The other week I had a meeting with a gatekeeper and he tore my work to shreds. He wasn’t someone I’ve ever worked with or met before. (crucially he wasn’t in any way associated with any of the organisations I’m currently working with.) We were supposed to be meeting for a mentoring session, I’d sent him some info on my work past and present, he was going to give me some advice and feedback. “I’m going to open by saying I don’t like this thing with the paper boats.” He said, referring to my ongoing project Seaworthy Vessel “I think you should drop it.” And I said “Oh?” then he said, “I wasn’t sure about your other work either, maybe you disagree with this but it’s just not critically engaged, if I’m being really honest it’s all a bit too twee and sentimental.”
Another point in the meeting he was asking me about my general career worries. I said, “I’m worried about being pigeonholed as a ‘disability artist’.” (A pretty common worry among many disabled artists I’ve spoken with.) He said, “Well, you have to present yourself as you want to be seen, if you don’t want to be a disability artist don’t make work about disability.”.
I’m guessing the enlightened readers of this blog don’t need me to tell you how sexist and ableist those statements are. (I do have a 2000 word essay drafted on the subject for another day) So instead I’m going to tell you this. For years and years I’ve been reading cool creative women I look up to talk about having this pivotal moment in their careers where they realised that they just didn’t care what people thought about their work, and how liberating that moment was, how it changed everything that came after.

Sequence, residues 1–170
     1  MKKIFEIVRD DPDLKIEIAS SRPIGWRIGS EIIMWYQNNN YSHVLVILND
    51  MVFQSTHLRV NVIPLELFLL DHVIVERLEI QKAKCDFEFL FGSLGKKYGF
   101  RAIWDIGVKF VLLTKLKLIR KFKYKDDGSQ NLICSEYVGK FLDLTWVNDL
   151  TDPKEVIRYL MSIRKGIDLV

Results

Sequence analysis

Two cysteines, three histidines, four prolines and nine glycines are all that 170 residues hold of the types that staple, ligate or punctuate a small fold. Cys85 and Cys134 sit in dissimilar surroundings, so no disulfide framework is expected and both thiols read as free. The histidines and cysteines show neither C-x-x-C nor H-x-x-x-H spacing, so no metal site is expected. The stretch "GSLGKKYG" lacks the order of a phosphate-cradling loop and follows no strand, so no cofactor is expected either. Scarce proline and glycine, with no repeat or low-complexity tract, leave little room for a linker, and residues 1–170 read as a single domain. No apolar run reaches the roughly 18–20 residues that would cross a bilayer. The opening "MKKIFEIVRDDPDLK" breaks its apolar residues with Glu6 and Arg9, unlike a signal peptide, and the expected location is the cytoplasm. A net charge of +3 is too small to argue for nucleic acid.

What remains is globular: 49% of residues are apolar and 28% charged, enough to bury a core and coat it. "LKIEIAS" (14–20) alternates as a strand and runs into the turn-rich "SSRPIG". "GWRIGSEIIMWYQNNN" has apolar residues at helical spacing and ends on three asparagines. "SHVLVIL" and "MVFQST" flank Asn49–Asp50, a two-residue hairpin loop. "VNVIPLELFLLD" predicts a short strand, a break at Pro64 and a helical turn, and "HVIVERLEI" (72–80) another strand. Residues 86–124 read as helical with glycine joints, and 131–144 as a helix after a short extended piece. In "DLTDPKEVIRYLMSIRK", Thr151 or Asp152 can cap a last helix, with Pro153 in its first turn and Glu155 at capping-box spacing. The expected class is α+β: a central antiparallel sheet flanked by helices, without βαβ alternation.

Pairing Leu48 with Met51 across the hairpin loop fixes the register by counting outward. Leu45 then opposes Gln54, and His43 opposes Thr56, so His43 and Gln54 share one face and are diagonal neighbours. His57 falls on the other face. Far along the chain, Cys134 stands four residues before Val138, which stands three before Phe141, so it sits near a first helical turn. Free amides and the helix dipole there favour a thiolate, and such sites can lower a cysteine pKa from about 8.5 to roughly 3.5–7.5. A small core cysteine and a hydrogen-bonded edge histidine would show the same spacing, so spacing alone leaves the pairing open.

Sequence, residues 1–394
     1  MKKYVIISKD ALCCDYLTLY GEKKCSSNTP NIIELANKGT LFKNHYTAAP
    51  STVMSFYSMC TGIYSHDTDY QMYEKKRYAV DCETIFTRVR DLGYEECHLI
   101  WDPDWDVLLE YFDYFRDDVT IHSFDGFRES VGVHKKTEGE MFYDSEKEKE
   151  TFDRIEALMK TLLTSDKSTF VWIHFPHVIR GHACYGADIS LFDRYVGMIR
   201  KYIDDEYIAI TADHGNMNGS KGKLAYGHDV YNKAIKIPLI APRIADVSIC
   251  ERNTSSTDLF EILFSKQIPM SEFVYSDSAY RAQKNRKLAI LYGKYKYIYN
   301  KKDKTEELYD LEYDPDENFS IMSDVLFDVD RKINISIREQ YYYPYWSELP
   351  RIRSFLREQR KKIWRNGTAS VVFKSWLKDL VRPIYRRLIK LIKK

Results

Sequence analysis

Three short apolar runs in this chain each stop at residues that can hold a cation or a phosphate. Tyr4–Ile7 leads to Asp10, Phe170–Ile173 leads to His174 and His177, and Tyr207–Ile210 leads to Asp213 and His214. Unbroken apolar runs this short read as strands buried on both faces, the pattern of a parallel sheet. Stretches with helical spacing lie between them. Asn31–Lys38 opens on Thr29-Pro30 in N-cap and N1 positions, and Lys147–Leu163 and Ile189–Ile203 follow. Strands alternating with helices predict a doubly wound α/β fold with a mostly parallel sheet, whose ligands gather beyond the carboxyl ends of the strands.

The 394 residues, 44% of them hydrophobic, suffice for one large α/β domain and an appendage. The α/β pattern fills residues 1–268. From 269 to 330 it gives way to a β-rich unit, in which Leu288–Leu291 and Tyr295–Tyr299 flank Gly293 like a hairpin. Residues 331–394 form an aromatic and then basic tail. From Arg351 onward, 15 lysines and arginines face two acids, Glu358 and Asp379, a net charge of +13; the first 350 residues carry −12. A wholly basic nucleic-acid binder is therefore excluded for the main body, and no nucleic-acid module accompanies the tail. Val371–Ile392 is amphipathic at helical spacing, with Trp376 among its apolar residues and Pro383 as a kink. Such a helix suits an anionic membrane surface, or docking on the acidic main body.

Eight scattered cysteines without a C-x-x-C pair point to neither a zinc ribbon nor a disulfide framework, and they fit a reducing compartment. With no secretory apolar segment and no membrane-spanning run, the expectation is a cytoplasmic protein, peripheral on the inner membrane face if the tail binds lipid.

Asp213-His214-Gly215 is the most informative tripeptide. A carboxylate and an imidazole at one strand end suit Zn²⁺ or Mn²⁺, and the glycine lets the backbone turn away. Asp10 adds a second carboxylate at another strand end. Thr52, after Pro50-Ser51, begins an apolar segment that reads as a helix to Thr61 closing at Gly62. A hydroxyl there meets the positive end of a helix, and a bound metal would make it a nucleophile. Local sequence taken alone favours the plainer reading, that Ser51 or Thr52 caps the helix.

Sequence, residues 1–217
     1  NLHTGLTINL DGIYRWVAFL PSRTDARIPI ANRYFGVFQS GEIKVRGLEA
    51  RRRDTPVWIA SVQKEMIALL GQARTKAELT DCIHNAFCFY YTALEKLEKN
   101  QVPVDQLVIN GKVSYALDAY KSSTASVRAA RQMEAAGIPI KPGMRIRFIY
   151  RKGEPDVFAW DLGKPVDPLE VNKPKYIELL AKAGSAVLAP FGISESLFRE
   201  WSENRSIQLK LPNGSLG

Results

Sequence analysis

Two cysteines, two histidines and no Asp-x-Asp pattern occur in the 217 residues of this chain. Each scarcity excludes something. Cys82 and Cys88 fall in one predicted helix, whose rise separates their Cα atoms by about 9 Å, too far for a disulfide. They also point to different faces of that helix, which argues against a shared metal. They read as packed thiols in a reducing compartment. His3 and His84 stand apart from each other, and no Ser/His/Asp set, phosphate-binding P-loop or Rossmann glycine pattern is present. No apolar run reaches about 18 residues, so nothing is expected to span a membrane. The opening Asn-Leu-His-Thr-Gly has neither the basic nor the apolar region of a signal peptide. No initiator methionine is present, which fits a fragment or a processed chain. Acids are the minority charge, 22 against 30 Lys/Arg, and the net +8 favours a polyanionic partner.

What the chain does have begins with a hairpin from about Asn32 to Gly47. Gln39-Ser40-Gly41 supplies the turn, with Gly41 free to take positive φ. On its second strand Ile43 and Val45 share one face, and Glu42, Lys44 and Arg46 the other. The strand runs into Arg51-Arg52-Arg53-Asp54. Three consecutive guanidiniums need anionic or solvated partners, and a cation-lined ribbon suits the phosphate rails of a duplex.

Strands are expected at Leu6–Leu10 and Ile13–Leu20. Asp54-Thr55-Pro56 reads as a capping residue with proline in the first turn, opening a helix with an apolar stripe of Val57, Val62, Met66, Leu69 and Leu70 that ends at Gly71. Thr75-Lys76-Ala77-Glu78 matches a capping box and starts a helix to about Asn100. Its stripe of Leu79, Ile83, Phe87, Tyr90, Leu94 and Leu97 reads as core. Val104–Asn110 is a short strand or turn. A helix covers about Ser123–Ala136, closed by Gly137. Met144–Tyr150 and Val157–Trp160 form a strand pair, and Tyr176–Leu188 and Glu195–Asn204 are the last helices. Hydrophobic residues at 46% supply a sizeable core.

I’ve always believed these women were, if not outright lying then at least massively exaggerated. It’s been inconceivable to me a person could make work and not be racked with anxiety about its reception. The desire to be universally loved is a founding principle of the Letty McHugh brand.
Here’s the thing though, the other week, when that gatekeeper was calling my work twee and sentimental and generally lacking in substance I found, miraculously, I didn’t care if this man loved me, I didn’t care if he liked my work, I didn’t care what he thought about me at all. I think this maybe could be that liberating moment I’ve heard tell of.
Here are some questions I asked myself while he named female artists he has worked with in the past. (It was quite a shortlist) If this man is the person who decides who gets to join this club do I want to be a member? If this institution doesn’t value me or my work do I value this institution? Am I going to change what I make work about because this man told me to? The answer to all three is, of course, a resounding no.
I’ve spent so much of my artistic career to date waiting. I’ve waited until I felt like I was good enough to work on projects. I’ve waited for resources and I’ve waited for opportunities. I spent three years waiting for my life to get back on track after my MS blew me so far off the course I charted for myself.
I’ll still have to wait for some stuff, there’s work I can’t make without money and work I can’t make until my cat stops napping on my keyboard, but I came out of that meeting knowing I’m done waiting for anyone’s permission to make the work I want to make. I’m done waiting for approval.